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Actor Headshot Tips

SRK Headshot Day

This Headshot of Actress Aubrey Thye shows off her beautiful jaw line

Actors have particular needs in their headshots. There has to be a balance between looking great but showing your true looks so casting agents are intrigued, but not fooled. Before creating your actor’s headshots, we take the time to find out about your brand and what type of image you are trying to convey. Here are some things to consider when getting your Actor Headshots.

Get Two Shots That Show Smiling and Serious

Casting Director Amy Jo Berman absolutely insists that you have a professional photographer create your headshot and one who knows how to create actor headshots. Look at their work and make sure it is what you want. Next, think about your brand. What are you trying to convey? For what kind of role do you want to be considered? Have the picture reflect that. Make sure to get at least two good headshots, one smiley, one serious. Don’t over play it in the shot. Just have a mood that allows the casting director to imagine you in the types of roles you want to play. Learn more in her excellent video.

Keep Your Wardrobe Simple

For wardrobe, Celebrity photographer Marc Cartwright advises considering your character type when picking your clothing. Don’t wear a slinky dress if you want to play the soccer mom. Also, don’t wear a costume. This limits roles for which you might be considered. And most of all, bring multiple options so the photographer can help you pick the clothes that make you look best.

Actor James Perkins loves to play the likable grandfather in his roles.

Keep Headshots Up To Date

Update frequently. According to Matt Newton, a New York City Acting coach, update your photos every two or three years for adults. Kids, of course, need to update more frequently.

Interview Your Photographer in Advance

Mr. Newton also says to talk to the photographer in advance to make sure you will be comfortable with him or her. Take time to get to know them. Ask lots of questions. Do you want indoor or outdoor shots? Find a photographer who can do both if you need them. See his video.

Use A Photographer Who Is an Expert at Lighting

Find a photographer that understands lighting and tailors it to fit your face to literally show you in the best light. I make sure that I move the subject around a lot during the shoot – making sure to see both sides of the face and to determine which is the best side. I will move the lights to make sure the face is perfectly lit. I prefer a large light source for soft shadows.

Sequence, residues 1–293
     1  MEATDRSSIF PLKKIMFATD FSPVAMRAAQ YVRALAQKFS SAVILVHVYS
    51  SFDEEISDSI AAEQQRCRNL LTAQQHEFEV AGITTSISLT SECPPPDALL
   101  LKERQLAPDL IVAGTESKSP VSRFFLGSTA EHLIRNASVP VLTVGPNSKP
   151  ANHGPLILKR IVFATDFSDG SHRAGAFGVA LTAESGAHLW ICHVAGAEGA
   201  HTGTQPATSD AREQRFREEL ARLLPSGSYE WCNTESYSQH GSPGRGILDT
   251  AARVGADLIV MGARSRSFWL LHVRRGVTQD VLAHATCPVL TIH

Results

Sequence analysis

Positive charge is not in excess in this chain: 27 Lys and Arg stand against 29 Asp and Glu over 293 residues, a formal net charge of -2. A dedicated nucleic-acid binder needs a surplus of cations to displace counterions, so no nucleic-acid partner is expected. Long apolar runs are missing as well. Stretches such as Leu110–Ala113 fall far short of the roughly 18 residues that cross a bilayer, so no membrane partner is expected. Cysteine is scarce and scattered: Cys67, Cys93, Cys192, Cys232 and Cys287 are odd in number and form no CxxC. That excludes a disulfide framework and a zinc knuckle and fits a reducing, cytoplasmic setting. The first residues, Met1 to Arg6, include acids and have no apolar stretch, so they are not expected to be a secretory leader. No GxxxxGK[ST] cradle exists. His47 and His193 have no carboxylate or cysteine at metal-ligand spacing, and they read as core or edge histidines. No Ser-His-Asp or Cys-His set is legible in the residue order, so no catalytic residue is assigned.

Get The Crop Right

Make sure the photo is cropped properly. A bad crop can make your photo look stock and boring. Former model and headshot photographer Peter Hurley, like me, uses a horizontal crop as his default. He places the eyes in the upper half of the photo and allows more information about the neck and shoulders. Also, a horizontal crop allows the final photo to move the eye around and have a rule-of-thirds construction for a more pleasing look. Get more cropping info in this blog post.

Child Actor Aviv Droby shows why he can play the smart kid.

Use Minimal Makeup

Makeup is essential to a professional looking headshot. Keep it minimal. A professional makeup artist knows how to make your makeup look natural and your skin beautiful. This is important for men as well. When the final retouching on your photo is done, less is required if your makeup was done correctly. Paradoxically, you will end up with a more natural looking headshot if you wear makeup. Makeup is included in all of our sessions. Here are more makeup tips from our Makeup Artists.

If you are an actor and want terrific headshots, we would love to talk with you. You can set up a time for a phone conference by emailing or calling. And once you are ready, it is simple to book your actor headshot session on our website’s book-now page. We have locations in Los Angeles and San Francisco. Visit our Actor Headshot Portfolio Page for more examples of our work. If you want to print headshots check out our blog about how to do that.

Actor Pierce Peter Brandt on both a black and a white background. One shot is smiley and one more serious.

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